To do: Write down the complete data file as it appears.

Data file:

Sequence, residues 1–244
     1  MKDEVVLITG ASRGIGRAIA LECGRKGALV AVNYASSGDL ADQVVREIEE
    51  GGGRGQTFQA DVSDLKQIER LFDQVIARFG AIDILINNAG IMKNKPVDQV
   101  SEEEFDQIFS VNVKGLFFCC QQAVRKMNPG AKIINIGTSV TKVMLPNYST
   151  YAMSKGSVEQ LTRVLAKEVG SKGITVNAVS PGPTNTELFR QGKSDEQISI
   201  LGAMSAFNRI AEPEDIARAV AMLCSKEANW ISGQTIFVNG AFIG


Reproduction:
Sequence, residues 1–244
     1  MKDEVVLITG ASRGIGRAIA LECGRKGALV AVNYASSGDL ADQVVREIEE
    51  GGGRGQTFQA DVSDLKQIER LFDQVIARFG AIDILINNAG IMKNKPVDQV
   101  SEEEFDQIFS VNVKGLFFCC QQAVRKMNPG AKIINIGTSV TKVMLPNYST
   151  YAMSKGSVEQ LTRVLAKEVG SKGITVNAVS PGPTNTELFR QGKSDEQISI
   201  LGAMSAFNRI AEPEDIARAV AMLCSKEANW ISGQTIFVNG AFIG